In Burma, Chatterji met several officials from the Burmese Socialist Party, but it would be an anxious week before he would receive a positive answer: “The request for arms would be met… But it was not possible for them to arrange for the transport of arms to Nepal,” something the Nepalis would have to arrange by themselves.

Thus began a daredevil mission carried out by a bunch of ragtag revolutionaries.

A delay from the Burmese side meant they could not confirm the delivery of weapons until October, but upon receiving the missive, Chatterji immediately left for Rangoon. “The Socialist Party of Burma had finalized all arrangements for the delivery of a substantial consignment of sten guns, a few bren guns and the requisite quantity of ammunition.” The Nepalis wanted more, hence the telegram quoted at the beginning. It wasn’t until October 31 that the Burmese confirmed a delivery date: November 3, 1950. Chatterji writes, “Immediately I despatched two telegrams to Mahabir Shumsher and Subarna Shumsher respectively, informing them of the arrangements at the Rangoon end. Without the least delay came their joint reply which said: “Recd both telegrams. Brother reaching Rangoon definitely 3 Friday as instructed.”’

Mahabir Shamsher was another Rana who had been struck off the roll of succession, and had shifted base to Calcutta, where he ran an air service called Himalaya Aviation, whose chartered Douglas DC-3 was to be used in the arms transport. Koirala writes, “The plane was flown by a Czechoslovak pilot named Bujocowsky…the problem was where to have [the weapons] dropped.”

Meanwhile, in Rangoon, Chatterji was escorted to the airport, where the Dakota had landed: “The army officer, a young colonel attached to the army headquarters, arrived with the cargo just on time. He drove the army truck straight down the tarmac and parked it alongside the plane. The engines of the plane had been kept running and as soon as the sealed boxes containing the arms were loaded in it, it took off.”

The Dakota flew over Calcutta towards Patna, until it landed on an unused Second World War airfield in Bihta, about 30 km west of Patna. Subarna and Koirala “went to the Bihta aerodrome with a truck and one smaller vehicle… the Nepali chowkidars came over to see what was up. Subarnaji and I spoke to them in Nepali and told them we had come for a picnic. We asked them to find us some goats.”

The cable. Credit: Amish Raj Mulmi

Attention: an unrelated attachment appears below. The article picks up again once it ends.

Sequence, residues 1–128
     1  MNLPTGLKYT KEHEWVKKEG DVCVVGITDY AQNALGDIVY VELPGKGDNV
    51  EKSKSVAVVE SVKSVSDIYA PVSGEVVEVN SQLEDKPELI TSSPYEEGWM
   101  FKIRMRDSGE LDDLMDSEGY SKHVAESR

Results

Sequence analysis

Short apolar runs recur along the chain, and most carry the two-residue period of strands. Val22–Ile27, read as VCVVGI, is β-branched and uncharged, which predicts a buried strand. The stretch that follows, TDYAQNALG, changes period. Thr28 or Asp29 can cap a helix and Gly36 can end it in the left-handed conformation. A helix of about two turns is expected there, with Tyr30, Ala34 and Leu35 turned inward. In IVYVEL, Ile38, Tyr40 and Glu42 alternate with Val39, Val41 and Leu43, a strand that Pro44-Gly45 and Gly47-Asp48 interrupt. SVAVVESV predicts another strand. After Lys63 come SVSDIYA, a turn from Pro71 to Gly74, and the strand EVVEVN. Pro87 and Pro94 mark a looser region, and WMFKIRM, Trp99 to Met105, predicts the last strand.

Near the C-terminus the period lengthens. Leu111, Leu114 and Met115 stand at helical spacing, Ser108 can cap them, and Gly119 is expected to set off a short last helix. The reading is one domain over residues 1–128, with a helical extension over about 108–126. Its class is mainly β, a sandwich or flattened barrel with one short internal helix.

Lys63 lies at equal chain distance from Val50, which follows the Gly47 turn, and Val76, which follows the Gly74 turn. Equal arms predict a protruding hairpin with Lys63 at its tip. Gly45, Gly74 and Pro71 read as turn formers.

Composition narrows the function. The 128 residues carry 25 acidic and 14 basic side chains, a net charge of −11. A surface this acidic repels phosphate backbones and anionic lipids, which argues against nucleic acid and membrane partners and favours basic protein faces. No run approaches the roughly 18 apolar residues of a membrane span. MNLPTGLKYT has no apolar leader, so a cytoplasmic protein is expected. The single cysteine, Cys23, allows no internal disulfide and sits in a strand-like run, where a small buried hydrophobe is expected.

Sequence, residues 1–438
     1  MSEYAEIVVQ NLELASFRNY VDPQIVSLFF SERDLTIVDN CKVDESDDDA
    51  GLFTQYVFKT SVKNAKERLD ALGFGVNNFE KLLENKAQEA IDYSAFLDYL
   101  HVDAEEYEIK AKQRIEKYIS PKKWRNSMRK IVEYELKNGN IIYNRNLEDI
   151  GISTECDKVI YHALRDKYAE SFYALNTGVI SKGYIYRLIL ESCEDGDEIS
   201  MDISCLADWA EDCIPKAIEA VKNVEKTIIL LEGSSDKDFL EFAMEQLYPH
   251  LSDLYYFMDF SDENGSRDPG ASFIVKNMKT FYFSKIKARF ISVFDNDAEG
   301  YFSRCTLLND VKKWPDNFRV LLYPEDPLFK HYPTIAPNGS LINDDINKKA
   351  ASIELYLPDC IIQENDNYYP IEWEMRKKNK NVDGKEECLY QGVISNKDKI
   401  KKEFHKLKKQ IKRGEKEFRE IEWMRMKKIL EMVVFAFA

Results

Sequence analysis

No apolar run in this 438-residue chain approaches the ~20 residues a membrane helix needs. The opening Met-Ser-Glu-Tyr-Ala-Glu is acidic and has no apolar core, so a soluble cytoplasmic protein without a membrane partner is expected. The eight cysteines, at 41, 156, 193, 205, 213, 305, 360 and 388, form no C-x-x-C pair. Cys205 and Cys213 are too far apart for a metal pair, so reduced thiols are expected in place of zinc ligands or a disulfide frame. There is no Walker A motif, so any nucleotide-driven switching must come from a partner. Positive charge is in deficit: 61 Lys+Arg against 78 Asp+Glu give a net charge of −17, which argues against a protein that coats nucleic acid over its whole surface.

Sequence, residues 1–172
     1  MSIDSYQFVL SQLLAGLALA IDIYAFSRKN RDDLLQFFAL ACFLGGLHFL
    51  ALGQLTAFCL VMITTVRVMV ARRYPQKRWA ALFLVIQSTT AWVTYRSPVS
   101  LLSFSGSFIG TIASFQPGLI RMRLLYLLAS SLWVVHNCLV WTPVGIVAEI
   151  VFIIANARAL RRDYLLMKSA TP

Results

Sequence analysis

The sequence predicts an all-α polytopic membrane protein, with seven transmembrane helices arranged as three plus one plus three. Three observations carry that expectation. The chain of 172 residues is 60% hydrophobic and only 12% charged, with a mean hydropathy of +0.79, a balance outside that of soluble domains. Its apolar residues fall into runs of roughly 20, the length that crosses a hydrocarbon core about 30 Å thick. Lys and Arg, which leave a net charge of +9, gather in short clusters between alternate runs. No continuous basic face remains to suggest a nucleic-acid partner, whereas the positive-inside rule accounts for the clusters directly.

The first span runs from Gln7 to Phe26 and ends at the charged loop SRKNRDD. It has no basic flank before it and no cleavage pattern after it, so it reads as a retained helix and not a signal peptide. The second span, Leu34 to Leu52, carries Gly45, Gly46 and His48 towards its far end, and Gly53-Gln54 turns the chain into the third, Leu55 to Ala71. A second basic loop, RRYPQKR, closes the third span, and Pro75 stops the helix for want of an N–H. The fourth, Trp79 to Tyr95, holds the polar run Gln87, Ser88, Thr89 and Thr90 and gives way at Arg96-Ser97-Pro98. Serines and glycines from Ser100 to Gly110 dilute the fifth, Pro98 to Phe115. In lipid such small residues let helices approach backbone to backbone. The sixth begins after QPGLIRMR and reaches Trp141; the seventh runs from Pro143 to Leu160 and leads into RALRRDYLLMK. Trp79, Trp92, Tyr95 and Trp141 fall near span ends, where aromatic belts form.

The guards left to a nearby village to buy the animals and other provisions for a ‘picnic’. As soon as they left, the plane landed, and “within ten minutes we had unloaded all the crates and placed them on the truck.” The guards ran back upon hearing an aircraft, but by the time they had come back, Koirala and others had disappeared with the arms, and the Dakota had taken to the air.

Koirala writes that the Bihar chief minister Krishna Sinha helped the revolutionaries transfer the arms to the Indo-Nepal border by instructing the inspector general of police. However, going by Nehru’s telegram to Sinha after the military action on November 10-11 on Birgunj – “No armed raids can be permitted from Indian territory,” he wrote – and Chatterji’s counter-assertion that India had given a tacit approval to Nepali Congress’s armed revolution, there seem to have been different levels of support provided to the revolutionaries.

Nonetheless, the daring smuggling of arms via Burma was an indication of how far Koirala and the Nepali Congress was willing to go to overturn the Rana rule. With King Tribhuvan’s escape, and the Delhi Consensus, it was agreed upon that power would return to the monarchy from the Ranas, and a coalition cabinet with both Rana and Congress representation would rule Nepal until elections to a Constituent Assembly could be held. Whatever the results of the revolution, a new Nepali political consciousness would emerge, and fiercely take root amid a population that had been entirely closed off to any such developments.

The Burmese arms episode was also an indication of the spirit of the times – the anti-colonial struggle that had erupted in several Asian and African countries. The socialist ideal, as Chatterji writes, that had enabled Burma to provide arms to Nepal for its own revolution may have been in the hope that Nepal would firmly join the socialist camp in the future. Unfortunately for Burma, it would face a military coup in 1962, not long after Mahendra enacted his own royal coup in Nepal in 1960, imprisoning Koirala. – who was prime minister by then – for eight more years.

Amish Raj Mulmi is a Nepali writer and a publishing professional.